The ULEZ expansion will have the right outcomes, but is being implemented the wrong way to mitigate the undoubted impacts. Ultimately reducing the amount of driving in the zone will make the experience for those who have to drive (and for buses) better, over time.

    Improved public transport before the expansion (per original CC)? Nope. Most of the Superloop (which is vary limited improvement) will come after the ULEZ expansion is live, by at least a year.

    Too hard edged a boundary (time and geography) for mitigating compensation.

    No concept of someone who only needs occasional access (which should be at zero or reduced costs) vs. heavy users who generate more of the pollution being encouraged to change (although gas cookers and gas heating also generates a lot of emissions too).

    My suggestions for a better scheme:
    * People who have a non-compliant car registered within the zone or 15 miles outside allowed a few “free days” per month (rolling forward for up to 12 months), granted free days reducing over time (up to maybe 10 years or until vehicle enters heritage exempt category). Commercial vehicles excluded, and maybe heavier vehicles get fewer free days.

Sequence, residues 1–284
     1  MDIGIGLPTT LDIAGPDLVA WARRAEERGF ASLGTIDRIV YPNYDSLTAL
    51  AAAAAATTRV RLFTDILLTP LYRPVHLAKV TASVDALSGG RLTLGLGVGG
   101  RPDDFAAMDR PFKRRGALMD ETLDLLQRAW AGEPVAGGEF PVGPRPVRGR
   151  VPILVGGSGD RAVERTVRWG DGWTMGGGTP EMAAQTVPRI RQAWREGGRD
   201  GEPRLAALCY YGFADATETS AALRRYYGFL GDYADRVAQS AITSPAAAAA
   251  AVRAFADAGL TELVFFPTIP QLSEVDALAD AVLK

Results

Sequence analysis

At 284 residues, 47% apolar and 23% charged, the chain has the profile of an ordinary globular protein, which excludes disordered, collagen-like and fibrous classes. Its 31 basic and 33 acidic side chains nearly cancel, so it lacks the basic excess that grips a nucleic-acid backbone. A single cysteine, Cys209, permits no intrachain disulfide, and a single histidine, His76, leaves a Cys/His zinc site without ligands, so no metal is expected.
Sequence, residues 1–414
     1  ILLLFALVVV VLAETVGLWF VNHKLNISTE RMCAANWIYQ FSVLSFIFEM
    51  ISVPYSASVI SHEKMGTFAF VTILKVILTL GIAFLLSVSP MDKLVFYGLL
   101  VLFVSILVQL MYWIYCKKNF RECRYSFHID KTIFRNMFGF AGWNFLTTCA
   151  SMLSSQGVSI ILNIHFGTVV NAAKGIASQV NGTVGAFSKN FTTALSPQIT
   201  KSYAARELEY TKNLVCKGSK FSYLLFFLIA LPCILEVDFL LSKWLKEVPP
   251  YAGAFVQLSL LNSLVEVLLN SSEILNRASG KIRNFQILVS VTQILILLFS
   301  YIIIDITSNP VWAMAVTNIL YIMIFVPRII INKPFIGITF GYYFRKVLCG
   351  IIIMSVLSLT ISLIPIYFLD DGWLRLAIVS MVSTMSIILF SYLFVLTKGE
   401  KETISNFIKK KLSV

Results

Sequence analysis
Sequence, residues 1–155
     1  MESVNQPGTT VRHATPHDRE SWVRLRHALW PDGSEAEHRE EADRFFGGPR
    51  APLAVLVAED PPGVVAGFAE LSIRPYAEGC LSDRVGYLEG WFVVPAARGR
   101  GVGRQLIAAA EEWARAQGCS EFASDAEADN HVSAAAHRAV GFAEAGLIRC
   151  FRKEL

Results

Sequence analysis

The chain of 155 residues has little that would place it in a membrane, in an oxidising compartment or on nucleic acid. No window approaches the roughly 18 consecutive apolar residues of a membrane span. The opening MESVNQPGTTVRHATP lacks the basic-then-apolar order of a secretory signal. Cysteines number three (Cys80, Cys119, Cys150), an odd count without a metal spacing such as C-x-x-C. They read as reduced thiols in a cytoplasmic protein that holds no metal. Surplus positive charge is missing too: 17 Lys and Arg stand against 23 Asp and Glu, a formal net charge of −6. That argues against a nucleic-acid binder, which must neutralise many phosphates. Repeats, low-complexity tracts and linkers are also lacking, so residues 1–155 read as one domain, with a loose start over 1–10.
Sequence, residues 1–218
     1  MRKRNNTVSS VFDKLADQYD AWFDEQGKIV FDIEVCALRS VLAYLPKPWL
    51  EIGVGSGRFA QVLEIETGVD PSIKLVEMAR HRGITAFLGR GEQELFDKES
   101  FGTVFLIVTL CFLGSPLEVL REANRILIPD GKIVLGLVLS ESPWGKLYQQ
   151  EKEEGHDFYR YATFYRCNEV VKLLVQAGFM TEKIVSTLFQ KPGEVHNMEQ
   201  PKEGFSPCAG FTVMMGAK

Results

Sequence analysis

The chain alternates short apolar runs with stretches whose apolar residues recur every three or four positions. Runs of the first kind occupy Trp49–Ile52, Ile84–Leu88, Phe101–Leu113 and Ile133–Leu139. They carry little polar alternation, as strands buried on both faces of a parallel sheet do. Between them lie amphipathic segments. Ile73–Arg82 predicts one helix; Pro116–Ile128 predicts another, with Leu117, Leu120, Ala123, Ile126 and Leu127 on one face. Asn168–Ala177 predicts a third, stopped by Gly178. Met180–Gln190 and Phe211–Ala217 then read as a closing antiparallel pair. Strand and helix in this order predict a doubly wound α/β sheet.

* People who have a non-compliant car ditto allowed to “bank” their ULEZ fees, for their current vehicles only. They can reclaim their banked amount (maybe with some interest) when the vehicle is scrapped (properly scrapped, not sold), to become a deposit on a compliant replacement (or a season ticket, or moving fees to live elsewhere in the world). NB: banked fund access if the vehicle drops into the “heritage” exempt category before being scrapped. Maybe heavier vehicles get to bank less of the fee.
    * Heritage exempt vehicles also to be limited to a number of free days per year, to prevent them becoming “daily drivers”